I haven’t clearly understood the concept of side effect.

  • What is side effect in programming?
  • Is it programming language dependent?
  • Is there such a thing as external and internal side effects?

Please give some example of causes that create side effects.

  • 4
    Sounds very much like homework. – gnasher729 Jul 3 '15 at 22:42
up vote 89 down vote accepted

A side effect refers simply to the modification of some kind of state - for instance:

  • Changing the value of a variable;
  • Writing some data to disk;
  • Enabling or disabling a button in the User Interface.

Contrary to what some people seem to be saying:

  • A side effect does not have to be hidden or unexpected (it can be, but that has nothing to do with the definition as it applies to computer science);

  • A side effect has nothing to do with idempotency. An idempotent function can have side effects, and a non-idempotent function may have no side effects (such as getting the current system date and time).

It's really very simple. Side effect = changing something somewhere.

P.S. As commenter benjol points out, several people may be conflating the definition of a side effect with the definition of a pure function, which is a function that is (a) idempotent and (b) has no side-effects. One does not imply the other in general computer science, but functional programming languages will typically tend to enforce both constraints.

  • 30
    The phrase "side effect" makes it sound like something else is being changed other than what was intended. In medicine, a drug will have a main effect of reducing pain, and sometimes a side-effect of causing nose-bleeds, dizziness, etc... the purpose of the drug is not to cause nose-bleeds but sometimes that happens as an unintended extra result. – FrustratedWithFormsDesigner Jan 26 '11 at 22:18
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    @Frustrated: +1. Whenever I see that term I can't help but wonder if it wasn't chosen by FP advocates to create precisely that subtly sinister connotation. – Mason Wheeler Jan 26 '11 at 23:07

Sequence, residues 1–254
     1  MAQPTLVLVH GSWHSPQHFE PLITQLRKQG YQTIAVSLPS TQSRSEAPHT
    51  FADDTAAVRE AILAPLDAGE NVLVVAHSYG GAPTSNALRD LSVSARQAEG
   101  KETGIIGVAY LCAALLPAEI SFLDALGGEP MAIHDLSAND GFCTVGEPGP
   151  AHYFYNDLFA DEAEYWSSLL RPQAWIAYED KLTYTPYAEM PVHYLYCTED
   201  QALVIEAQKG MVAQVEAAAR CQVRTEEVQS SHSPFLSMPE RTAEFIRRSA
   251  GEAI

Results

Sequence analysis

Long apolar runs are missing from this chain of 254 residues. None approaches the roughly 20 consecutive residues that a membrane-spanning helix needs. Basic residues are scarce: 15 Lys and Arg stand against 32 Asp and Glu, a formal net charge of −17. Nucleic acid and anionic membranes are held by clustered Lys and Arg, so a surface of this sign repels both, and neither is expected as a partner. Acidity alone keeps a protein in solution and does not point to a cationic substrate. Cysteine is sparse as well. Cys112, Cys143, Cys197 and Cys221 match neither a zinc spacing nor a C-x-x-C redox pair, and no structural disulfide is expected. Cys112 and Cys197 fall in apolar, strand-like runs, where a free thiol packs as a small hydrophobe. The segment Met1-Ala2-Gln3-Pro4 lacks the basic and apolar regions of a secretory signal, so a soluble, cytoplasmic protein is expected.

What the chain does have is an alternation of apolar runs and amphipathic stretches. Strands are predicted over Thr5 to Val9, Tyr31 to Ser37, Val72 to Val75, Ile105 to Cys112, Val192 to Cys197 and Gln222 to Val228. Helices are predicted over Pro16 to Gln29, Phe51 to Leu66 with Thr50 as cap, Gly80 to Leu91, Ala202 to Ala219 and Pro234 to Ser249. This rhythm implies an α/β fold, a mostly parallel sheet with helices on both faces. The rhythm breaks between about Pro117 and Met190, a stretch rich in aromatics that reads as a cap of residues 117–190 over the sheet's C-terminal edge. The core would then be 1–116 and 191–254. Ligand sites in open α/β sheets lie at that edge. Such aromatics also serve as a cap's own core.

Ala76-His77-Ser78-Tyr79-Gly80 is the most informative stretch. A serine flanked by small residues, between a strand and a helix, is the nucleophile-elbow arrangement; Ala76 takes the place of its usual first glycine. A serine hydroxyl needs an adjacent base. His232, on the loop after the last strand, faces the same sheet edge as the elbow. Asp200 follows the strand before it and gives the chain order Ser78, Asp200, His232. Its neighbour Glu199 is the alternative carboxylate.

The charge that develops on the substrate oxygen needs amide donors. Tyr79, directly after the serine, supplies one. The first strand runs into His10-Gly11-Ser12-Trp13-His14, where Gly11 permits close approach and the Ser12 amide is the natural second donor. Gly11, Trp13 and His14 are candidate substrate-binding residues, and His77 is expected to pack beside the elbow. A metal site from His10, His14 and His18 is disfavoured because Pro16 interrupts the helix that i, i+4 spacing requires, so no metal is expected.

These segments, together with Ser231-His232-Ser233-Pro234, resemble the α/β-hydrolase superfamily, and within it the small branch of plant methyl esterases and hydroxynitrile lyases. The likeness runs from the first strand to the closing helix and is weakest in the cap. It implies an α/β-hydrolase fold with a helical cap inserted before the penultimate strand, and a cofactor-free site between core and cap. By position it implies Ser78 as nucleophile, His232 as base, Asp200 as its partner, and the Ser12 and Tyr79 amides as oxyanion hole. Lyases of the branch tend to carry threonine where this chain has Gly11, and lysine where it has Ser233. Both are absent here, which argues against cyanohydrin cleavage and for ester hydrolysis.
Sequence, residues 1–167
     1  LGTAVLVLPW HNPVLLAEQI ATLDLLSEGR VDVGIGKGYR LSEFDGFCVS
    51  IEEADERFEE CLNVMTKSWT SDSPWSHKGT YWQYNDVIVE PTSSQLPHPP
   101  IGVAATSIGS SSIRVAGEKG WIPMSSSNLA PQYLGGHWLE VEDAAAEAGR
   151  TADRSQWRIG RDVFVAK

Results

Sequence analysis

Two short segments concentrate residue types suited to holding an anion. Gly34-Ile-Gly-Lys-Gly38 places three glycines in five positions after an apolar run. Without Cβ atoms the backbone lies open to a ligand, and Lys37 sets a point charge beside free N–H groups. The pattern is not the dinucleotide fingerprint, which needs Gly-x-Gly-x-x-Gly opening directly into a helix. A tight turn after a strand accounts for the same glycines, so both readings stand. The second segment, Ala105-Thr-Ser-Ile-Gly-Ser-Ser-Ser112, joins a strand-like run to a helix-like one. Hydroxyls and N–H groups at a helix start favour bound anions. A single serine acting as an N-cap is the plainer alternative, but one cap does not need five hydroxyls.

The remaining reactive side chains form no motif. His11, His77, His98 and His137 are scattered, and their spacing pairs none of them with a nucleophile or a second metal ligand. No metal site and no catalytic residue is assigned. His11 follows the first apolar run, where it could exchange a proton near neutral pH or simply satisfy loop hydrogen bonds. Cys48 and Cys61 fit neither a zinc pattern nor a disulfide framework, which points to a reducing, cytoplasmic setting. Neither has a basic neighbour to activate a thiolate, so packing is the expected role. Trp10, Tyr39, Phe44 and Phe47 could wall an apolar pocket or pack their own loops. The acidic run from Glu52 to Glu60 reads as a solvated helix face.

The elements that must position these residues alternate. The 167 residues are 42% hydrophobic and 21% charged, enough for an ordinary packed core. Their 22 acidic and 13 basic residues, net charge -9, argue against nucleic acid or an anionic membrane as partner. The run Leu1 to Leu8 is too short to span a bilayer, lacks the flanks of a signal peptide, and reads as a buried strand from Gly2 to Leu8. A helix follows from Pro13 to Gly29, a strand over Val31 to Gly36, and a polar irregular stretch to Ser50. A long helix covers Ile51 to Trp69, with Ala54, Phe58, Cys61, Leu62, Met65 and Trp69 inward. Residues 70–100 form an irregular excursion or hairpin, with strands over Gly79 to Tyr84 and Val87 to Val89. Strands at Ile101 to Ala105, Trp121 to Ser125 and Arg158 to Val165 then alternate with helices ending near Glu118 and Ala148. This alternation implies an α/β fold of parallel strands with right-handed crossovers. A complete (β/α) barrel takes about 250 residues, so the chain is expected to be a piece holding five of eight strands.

• 5
    @Mason Wheeler. It existed long before FP. And it's not a subtly sinister connotation. It's flat-out evil and always has been. For the 3 decades I've been coding, the "crypto-assignment" statement -- the side-effect -- has been troubling people. A plain old assignment statement is much easier to cope with. – S.Lott Jan 27 '11 at 0:22
  • 6
    @Mason Wheeler: In C. ++a. Does not look like assignment. b = ++a; has two side effects. The obvious one and the crypto-assignment of a. That's the kind of thing that is a side-effect that (to some) is desirable. But has been called a side-effect for my entire career to make it not subtle. – S.Lott Jan 27 '11 at 4:13
  • 5
    @Zachary, please see the last bullet point in my answer. What you are referring to is idempotent behaviour (or the lack thereof). That does not tell you anything about side effects. Checking the system clock is not a side-effect; in fact, any function or method prefixed with the word "get" is one that you should reasonably expect not to have any side effects. – Aaronaught Feb 15 '11 at 16:03

Any operation which modifies the state of the computer or which interacts with the outside world is said to have a side effect. See Wikipedia on Side Effect.

For example, this function has no side effects. Its result depends only on its input arguments, and nothing about the state of the program or its environment changes when it is called: